At this point, it was clear to us that we have to find out more about our customers. We crafted emails and reached out to the existing customer base and tried to learn how they are using Usersnap. The existing customers couldn’t really tell us why they were buying back then and the way they are using the product after some time is different from how new customers use the product or why they bought it in the first place. So we decided to expand our research into potential customers and those who try out our product for the first time.
From our customer research, we understood that the key personas were product managers, customer service people, product owners, and founders. Those were the ones who started searching for a customer feedback solution. We wanted to learn more about these personas and their reasons to look for a solution.
What did we do in detail?
So, how did we start our customer feedback journey? In the next step, we wanted to include customer feedback loops in every step of the customer journey.
Addressing users from your target segment before they know us
We were reaching out to our key personas which we identified in the first step via social media platforms, specifically LinkedIn, because on these platforms it’s easier to target a specific audience.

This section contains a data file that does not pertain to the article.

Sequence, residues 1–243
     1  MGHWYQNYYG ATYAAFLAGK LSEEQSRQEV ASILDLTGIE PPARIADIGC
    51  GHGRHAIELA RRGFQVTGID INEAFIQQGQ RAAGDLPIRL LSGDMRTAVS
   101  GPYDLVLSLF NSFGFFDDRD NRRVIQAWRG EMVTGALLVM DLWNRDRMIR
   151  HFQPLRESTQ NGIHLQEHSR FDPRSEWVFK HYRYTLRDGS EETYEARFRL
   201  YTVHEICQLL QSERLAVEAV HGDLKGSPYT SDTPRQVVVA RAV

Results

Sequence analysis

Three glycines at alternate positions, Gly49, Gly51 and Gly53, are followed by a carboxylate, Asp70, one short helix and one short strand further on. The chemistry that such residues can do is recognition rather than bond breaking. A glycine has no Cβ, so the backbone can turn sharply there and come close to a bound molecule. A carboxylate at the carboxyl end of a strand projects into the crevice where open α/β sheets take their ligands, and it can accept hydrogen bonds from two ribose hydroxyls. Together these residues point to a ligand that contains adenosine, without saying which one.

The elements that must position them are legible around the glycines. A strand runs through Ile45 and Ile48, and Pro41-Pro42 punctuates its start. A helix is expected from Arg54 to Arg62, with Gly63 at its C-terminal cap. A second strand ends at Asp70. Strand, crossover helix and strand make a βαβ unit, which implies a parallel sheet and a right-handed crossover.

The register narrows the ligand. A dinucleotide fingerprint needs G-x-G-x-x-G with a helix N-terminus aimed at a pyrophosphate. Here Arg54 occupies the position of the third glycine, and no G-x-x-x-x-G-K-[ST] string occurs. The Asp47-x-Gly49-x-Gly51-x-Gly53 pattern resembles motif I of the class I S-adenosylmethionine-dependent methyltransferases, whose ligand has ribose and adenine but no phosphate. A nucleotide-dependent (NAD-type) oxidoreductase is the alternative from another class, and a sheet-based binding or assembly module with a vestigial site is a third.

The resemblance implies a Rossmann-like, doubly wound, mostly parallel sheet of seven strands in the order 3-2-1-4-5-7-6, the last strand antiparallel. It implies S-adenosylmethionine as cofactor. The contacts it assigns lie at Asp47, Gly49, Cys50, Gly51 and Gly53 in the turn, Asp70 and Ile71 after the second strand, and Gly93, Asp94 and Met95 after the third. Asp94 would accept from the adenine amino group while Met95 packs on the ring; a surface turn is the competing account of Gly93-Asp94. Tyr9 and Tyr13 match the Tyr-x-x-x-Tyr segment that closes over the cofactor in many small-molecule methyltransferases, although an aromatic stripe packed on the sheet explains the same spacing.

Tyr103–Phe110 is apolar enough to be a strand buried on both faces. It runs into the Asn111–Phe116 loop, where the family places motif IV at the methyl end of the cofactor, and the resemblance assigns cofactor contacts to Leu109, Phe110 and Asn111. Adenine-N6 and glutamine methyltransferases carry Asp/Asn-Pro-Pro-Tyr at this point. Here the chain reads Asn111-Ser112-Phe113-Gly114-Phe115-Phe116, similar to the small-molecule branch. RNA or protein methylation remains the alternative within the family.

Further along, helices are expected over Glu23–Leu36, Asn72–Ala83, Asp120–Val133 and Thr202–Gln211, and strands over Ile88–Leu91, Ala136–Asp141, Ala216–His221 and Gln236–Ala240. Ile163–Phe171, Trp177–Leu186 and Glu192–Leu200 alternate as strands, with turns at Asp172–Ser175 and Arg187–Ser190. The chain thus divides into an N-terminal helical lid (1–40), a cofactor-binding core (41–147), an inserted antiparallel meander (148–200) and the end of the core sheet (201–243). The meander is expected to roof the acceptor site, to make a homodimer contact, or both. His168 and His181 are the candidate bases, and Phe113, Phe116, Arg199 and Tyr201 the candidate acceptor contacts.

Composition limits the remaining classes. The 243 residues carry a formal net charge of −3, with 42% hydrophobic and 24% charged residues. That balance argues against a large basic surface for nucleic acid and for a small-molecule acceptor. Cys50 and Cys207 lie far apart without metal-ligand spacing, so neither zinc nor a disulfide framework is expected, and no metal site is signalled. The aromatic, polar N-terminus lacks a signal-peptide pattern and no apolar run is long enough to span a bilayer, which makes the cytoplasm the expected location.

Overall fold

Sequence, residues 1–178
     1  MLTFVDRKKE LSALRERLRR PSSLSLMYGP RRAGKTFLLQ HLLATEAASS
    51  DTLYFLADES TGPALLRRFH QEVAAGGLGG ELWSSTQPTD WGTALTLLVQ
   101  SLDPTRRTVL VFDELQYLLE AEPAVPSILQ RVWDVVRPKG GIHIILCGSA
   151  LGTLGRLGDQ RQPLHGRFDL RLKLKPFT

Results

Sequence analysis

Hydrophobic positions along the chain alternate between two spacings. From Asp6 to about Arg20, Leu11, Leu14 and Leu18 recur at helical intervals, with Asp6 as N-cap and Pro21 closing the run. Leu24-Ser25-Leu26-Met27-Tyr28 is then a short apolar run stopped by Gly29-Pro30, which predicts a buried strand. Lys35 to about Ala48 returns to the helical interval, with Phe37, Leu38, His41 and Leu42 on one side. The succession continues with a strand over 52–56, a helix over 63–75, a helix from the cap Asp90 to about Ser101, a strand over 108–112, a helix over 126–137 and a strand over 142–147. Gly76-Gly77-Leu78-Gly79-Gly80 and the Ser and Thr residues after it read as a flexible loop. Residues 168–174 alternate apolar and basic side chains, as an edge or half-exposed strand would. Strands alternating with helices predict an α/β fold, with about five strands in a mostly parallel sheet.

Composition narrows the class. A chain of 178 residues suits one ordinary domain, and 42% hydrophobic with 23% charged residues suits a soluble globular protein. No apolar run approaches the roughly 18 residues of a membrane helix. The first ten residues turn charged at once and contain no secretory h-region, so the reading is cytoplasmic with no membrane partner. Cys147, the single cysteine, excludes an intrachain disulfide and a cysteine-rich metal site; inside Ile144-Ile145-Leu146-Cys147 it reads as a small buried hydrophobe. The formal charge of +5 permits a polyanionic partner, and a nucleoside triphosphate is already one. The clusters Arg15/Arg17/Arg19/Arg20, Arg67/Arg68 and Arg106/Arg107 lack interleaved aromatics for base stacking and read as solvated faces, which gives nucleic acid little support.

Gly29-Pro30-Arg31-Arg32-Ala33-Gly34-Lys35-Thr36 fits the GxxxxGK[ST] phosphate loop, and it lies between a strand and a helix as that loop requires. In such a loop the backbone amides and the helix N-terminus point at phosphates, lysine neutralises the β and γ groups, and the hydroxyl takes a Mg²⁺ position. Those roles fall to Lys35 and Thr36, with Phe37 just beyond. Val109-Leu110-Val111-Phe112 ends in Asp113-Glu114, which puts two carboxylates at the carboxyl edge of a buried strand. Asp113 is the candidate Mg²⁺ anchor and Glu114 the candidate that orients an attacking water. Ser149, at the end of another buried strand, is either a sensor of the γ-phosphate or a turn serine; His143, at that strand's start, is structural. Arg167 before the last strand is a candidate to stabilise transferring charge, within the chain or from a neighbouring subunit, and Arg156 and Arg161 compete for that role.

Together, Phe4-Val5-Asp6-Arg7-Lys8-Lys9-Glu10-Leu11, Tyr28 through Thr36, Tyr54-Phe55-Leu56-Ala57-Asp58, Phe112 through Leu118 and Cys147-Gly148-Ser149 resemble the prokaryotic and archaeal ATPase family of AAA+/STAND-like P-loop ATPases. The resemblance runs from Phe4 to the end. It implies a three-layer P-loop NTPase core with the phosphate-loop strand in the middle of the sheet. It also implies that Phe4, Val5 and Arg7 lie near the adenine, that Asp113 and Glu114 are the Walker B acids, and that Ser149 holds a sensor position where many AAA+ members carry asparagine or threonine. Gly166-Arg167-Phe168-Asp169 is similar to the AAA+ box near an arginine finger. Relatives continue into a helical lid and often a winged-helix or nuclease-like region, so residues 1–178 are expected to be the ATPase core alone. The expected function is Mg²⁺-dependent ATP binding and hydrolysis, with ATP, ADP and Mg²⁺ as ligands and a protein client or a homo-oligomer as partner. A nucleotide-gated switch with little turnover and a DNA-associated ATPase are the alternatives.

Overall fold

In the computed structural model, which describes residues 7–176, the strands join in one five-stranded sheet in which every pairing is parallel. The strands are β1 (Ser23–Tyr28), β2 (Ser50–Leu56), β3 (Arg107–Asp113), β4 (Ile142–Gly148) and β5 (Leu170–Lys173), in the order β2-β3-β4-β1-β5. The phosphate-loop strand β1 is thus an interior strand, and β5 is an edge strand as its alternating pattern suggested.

Our team started a customer discovery process and searched people who matched our initial hypothesis of what our perfect customer could be. We connected with a lot of people through personal messages.
With some help from tools (like Linked Helper) we could even reach a broader audience with more or less personal messages to reach statistical significance. We asked for customer interviews asking them what jobs they have to be done in their role as product managers, customer service managers, customer experience managers, and what their current challenges are.
We got a variety of teachings from here. Specifically, we learned that product managers want to collect customer feedback and to have a tool to better analyze and categorize customer feedback to have a more efficient feature prioritization.
With this knowledge, we enhanced our existing persona pages with validated information.
What we learned:
- Honest asks for help are very successful
- and a little gratuity like an Amazon voucher keeps your interviewees happy for follow-up sessions.
- We learned about the jobs-to-be-done and challenges of our target personas
Addressing potential customers on our website
As a next step we wanted to actively invite the interested visitors to give us feedback on our website. These were people who were looking for a solution and found us. Were they finding what they were looking for and what were their challenges?
We implemented non-invasive popup-messages on our website with a person from our team on it to make it very personal. Asking visitors for interviews was very successful and helped us to get 5 interviews per week.